This post introduced the following questions.

What direction does $\vec{e}_{\phi}$ point? Modern convention dictates that $\vec{e}_{\phi}$ should point in the direction of increasing $\phi$, but what is the reason for this convention? If there are only two unique configurations for three mutually perpendicular unit vectors in light of the ambiguous orientation of each unit vector, it seems likely that the direction of $\vec{e}_{\phi}$ dictates whether the unit vectors in spherical coordinates form a right or left handed coordinate system in the same sense that the Cartesian unit vectors do.

### Unique Configurations

First of all, are there only two unique configurations for three mutually perpendicular unit vectors? In this post, I defined an orientation as a type of coordinate system and concluded that all 48, unique orientations are either right handed or left handed coordinate systems. Among these 48 unique orientations, there are only two unique configurations for three mutually perpendicular unit vectors: left-handed and right-handed.

### Ordering of Coordinates

In order to determine whether a coordinate system is right handed or left handed, the order in which unit vectors are considered is important. This order is determined by how coordinates are listed, as in $(x,y,z)$. In spherical coordinates, the typical ordering is $(r,\phi,\theta)$. This is a completely arbitrary order now that I think about it. But, I might as well use the same ordering convention that most people use. Since I am using $(r,\phi,\theta)$, a spherical coordinate system is right-handed if:

- Thumb of right-hand points in the direction of the first unit vector, $\vec{e}_r$.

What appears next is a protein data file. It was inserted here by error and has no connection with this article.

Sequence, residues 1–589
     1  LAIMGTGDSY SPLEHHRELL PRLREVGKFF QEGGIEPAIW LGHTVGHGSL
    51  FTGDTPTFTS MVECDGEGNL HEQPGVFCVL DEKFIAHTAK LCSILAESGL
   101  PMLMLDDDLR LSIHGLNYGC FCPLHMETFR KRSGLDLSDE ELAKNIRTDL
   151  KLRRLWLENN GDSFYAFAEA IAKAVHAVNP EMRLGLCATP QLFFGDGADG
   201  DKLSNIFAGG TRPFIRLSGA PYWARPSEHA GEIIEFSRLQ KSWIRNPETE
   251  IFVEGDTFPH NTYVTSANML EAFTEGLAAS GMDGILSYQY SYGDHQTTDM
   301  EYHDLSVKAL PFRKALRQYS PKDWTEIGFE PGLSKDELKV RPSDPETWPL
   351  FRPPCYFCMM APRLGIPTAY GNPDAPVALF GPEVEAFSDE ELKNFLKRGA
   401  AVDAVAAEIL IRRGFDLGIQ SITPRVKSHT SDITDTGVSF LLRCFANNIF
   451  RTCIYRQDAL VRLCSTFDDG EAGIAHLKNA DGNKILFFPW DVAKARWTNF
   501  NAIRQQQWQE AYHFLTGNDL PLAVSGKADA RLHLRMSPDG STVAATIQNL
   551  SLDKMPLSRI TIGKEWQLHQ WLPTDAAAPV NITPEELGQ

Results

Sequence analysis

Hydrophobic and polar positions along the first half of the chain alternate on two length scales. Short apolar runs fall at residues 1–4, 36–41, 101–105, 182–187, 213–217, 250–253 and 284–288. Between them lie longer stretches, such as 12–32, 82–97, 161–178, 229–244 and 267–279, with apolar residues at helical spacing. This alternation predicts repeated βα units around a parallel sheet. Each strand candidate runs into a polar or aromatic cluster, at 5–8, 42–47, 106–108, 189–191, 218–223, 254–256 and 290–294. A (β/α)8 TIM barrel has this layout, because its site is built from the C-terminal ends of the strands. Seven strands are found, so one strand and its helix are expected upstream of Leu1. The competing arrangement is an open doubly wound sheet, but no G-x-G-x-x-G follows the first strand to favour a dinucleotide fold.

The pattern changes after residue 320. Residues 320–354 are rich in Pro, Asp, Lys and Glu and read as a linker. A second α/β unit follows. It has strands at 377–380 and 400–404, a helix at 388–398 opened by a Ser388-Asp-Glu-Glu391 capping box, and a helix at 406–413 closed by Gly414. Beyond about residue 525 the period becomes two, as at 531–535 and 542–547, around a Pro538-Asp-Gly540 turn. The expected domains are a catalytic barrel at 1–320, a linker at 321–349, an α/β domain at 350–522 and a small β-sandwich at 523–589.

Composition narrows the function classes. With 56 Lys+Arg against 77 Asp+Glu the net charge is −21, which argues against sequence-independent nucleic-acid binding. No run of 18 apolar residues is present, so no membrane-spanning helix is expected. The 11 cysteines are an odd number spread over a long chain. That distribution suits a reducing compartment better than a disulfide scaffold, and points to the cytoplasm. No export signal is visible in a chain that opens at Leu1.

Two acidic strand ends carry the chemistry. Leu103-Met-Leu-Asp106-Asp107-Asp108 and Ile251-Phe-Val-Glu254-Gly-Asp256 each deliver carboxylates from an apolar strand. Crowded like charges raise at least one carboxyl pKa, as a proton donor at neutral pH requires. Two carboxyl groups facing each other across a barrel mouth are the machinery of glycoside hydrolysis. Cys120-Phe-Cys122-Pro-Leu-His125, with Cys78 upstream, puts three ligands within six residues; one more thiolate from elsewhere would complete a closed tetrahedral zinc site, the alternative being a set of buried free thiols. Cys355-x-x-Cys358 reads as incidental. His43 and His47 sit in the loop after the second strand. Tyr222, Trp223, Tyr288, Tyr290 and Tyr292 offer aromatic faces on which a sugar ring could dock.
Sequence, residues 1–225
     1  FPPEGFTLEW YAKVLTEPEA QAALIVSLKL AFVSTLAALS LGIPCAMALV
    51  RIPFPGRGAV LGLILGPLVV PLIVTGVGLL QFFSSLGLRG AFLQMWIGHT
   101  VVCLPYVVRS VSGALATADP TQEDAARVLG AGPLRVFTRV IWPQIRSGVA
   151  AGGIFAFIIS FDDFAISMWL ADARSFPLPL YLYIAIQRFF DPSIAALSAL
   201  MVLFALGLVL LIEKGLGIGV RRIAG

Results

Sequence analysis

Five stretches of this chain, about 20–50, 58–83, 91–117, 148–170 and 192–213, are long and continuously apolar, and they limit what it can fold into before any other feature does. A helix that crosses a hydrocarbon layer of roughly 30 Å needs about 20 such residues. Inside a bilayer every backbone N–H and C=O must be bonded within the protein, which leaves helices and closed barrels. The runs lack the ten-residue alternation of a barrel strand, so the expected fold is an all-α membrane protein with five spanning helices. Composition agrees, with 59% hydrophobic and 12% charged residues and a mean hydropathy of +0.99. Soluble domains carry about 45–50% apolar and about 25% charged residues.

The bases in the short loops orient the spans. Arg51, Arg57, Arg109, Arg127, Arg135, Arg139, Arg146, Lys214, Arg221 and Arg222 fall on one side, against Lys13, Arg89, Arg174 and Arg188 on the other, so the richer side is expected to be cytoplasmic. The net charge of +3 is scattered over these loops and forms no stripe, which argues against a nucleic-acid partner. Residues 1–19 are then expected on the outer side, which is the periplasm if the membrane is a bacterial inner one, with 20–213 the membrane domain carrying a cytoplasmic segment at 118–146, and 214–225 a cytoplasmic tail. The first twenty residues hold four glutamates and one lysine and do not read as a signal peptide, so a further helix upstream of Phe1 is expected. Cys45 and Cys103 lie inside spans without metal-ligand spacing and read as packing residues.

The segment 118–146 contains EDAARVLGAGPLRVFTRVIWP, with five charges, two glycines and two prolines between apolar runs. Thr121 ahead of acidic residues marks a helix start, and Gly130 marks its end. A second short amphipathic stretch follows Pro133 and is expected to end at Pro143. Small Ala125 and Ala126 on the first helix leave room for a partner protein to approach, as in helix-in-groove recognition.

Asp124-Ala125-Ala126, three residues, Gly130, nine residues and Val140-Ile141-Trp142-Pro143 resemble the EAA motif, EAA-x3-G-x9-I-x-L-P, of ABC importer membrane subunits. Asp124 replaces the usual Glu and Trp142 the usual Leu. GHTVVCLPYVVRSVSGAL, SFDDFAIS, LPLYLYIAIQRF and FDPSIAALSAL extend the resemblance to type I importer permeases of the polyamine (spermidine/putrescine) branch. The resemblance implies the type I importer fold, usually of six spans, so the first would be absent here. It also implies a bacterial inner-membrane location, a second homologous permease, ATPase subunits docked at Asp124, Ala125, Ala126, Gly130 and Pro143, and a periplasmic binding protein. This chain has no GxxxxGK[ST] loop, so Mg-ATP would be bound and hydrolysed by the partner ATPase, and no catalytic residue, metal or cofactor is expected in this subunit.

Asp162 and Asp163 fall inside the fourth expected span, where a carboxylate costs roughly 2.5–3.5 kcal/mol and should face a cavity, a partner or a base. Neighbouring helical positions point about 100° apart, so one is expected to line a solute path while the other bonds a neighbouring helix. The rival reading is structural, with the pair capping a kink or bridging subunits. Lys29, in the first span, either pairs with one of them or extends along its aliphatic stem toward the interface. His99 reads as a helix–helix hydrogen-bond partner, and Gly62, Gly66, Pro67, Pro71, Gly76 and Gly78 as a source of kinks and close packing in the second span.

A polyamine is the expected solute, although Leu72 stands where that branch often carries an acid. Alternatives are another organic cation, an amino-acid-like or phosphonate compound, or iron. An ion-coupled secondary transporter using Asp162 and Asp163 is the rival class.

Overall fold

- Index finger of right-hand points in the direction of the second unit vector, $\vec{e}_{\phi}$.
- Middle finger of right-hand points in the direction of the third unit vector, $\vec{e}_{\theta}$.

If this these rules *cannot* be met, the spherical coordinate system is left-handed.

### Recommendation

If one starts with a right-handed Cartesian coordinate system, it makes sense but is not absolutely necessary to use a right-handed spherical coordinate system. The reason this is not absolutely necessary is that $(r,\phi,\theta)$ is, after all, an arbitrary ordering of coordinates. One pitfall to avoid is mixing conclusions from, for example, a right-handed spherical coordinate system with a left-handed spherical coordinate system.

### Choosing a Direction for $\vec{e}_{\phi}$

I plan to use right-handed Cartesian and right-handed spherical coordinate systems for upcoming posts. If $\vec{e}_r$ happens to be in the $x-y$ plane, then $\vec{e}_{\phi}$ points in the direction of increasing $\phi$. I am using the same conventions for how the angles $\phi$ and $\theta$ are defined in a spherical coordinate system, because I see no reason to depart from these conventions.